Tuesday, April 27, 1999 | 11:04 a.m.
Sheldon Adelson may be a relative newcomer to Southern Nevada's political scene, but he's been a major campaign contributor since the 1980s.
Adelson wrote in a newspaper column last year that he "was never involved in the political process" before taking on Clark County commissioners whom he believed were controlled by special interests.
He omitted the fact that he became one of the nation's leading individual political contributors at least eight years before entering Southern Nevada politics.
In the 1988 national elections, Adelson was one of only eight individuals in the country to give at least $100,000 to both the Republicans and Democrats for party-building activities, according to the Washington Post. At the time, the Boston media referred to him as "hedged bets" Adelson because of his generosity to both parties.
Adelson also contributed to the campaigns of politicians in his native Boston and to Massachusetts legislative candidates. Though he was not as active politically in Massachusetts as he has been in Nevada, Adelson was considered a special interest contributor by the Boston media because of his push to legalize casinos in that state.
The Boston Globe reported that Adelson and his company, the Interface Group in Needham, Mass., gave $8,800 to Boston Mayor Thomas Menino in 1993 and 1994 to rank fourth among the mayor's campaign contributors. At the time, Adelson had hoped to build a casino in Boston.
Though he advocated land-based casinos, Adelson opposed a proposal by former Massachusetts Gov. William Weld to approve riverboat gaming in that state.
"Riverboats are an attempt to cover the eyes, ears and mouth and say 'We're not really in the gambling business,' " Adelson told the Globe in 1993. "If the state wants to delude itself into thinking that there's no gambling going on in Massachusetts because it is out on a boat, fine. But I think it's a mistake. If the river goes dry, where is the casino? It's on land."
A year later Adelson urged the Greater Boston Chamber of Commerce to support land-based casinos, arguing that the business could generate up to $1 billion annually in taxable revenues for Massachusetts.
As reported in the Boston Herald, Adelson told the chamber that casinos were "a viable alternative to increases in existing taxes."
Adelson reportedly was backed by Massachusetts state Sen. Thomas Norton, who headed a legislative committee that studied the issue. Massachusetts has yet to approve casino gaming, however.
Adelson told the Globe in 1996 that he only supported one party or the other because he agreed with its philosophy.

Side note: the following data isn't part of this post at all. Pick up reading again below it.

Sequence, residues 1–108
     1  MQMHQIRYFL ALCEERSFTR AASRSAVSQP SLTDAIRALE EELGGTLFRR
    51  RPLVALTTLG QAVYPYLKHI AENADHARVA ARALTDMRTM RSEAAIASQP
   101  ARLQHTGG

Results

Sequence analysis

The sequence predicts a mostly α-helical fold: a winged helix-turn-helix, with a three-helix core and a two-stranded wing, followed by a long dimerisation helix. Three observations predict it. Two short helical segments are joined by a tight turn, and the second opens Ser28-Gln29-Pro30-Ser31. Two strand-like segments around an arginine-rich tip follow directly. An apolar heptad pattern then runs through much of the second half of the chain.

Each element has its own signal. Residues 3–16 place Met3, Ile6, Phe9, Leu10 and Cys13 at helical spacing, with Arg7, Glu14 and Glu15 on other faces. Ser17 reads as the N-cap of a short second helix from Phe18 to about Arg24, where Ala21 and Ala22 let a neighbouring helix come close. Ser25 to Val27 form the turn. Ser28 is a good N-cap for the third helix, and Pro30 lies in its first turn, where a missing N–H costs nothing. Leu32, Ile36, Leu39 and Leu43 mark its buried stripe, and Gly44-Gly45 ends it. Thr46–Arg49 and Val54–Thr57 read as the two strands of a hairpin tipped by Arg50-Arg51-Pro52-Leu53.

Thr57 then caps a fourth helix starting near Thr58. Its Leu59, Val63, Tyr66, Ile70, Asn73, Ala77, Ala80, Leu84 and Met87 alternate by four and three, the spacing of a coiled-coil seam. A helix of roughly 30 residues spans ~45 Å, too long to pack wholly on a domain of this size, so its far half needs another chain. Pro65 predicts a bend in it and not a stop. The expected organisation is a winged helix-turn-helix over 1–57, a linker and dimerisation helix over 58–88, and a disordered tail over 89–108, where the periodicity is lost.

"I don't support people for business reasons. Period," he said.
As he did in 1988 Adelson gave at least $100,000 to both parties for party-building activities during the 1996 elections. That year he ranked fifth in Nevada and 13th in Massachusetts in the amount of money he gave to federal campaigns. Mother Jones magazine reported that Adelson ranked 46th in the nation among individuals with total campaign contributions of $231,000 in 1995 and 1996 combined.
Adelson also was one of 65 people who attended a $25,000-per-couple luncheon with President Clinton at the Henderson home of Sun Editor Brian Greenspun in 1996 to raise money for the Democratic National Committee.
A year later, Adelson began contributing almost exclusively to the GOP. That was right after his rift began with the Culinary Union, which backs mostly Democrats. Adelson told the Wall Street Journal in 1997 that his involvement in Nevada politics was a "defensive move, if I'm going to survive."
The Nevada Republican Party named him its man of the year in 1997 for his financial contributions. Charles Muth, a consultant for the state GOP in Las Vegas, said Adelson supported the Republicans because of the Culinary's efforts to "impede his business."
"He sees in this town that the Democratic Party and the Culinary Union are joined at the hip," Muth said. "That's why he's partisan in his giving here. They're so tied together that if you give $10 to the Democrats, you give $10 to the union, and they're trying to break him."
But Adelson stopped giving money to the Nevada GOP after the party decided against appealing a judge's ruling last year that a proposed Workers' Rights Initiative was unconstitutional. The initiative, which Adelson supported, would have required unions to get their members' permission to spend dues for political purposes.
Adelson's first major foray into local politics was in 1996 when he was the key contributor to Republican Lance Malone, a Metro Police officer who ousted incumbent Democratic Clark County Commissioner Paul Christensen. Adelson contributed $80,000 to Malone through his various corporations but was accused of directing even more through the state Republican Party. Malone's victory was one of the biggest local election upsets that year.
Christensen had been a Culinary supporter and also served on the Las Vegas Convention and Visitors Association board, which was frequently criticized by Adelson.
Christensen also incensed Adelson in 1995 when he was the only commissioner who didn't sign a proclamation congratulating Adelson's Israeli-born wife on her becoming a United States citizen. Now a commissioner on the Nevada Transportation Services Authority, Christensen said Adelson wasn't "politically astute" when he decided against hiring former Sands employees on a first-come basis at the Venetian. He considers the hotel owner as abrasive as sandpaper.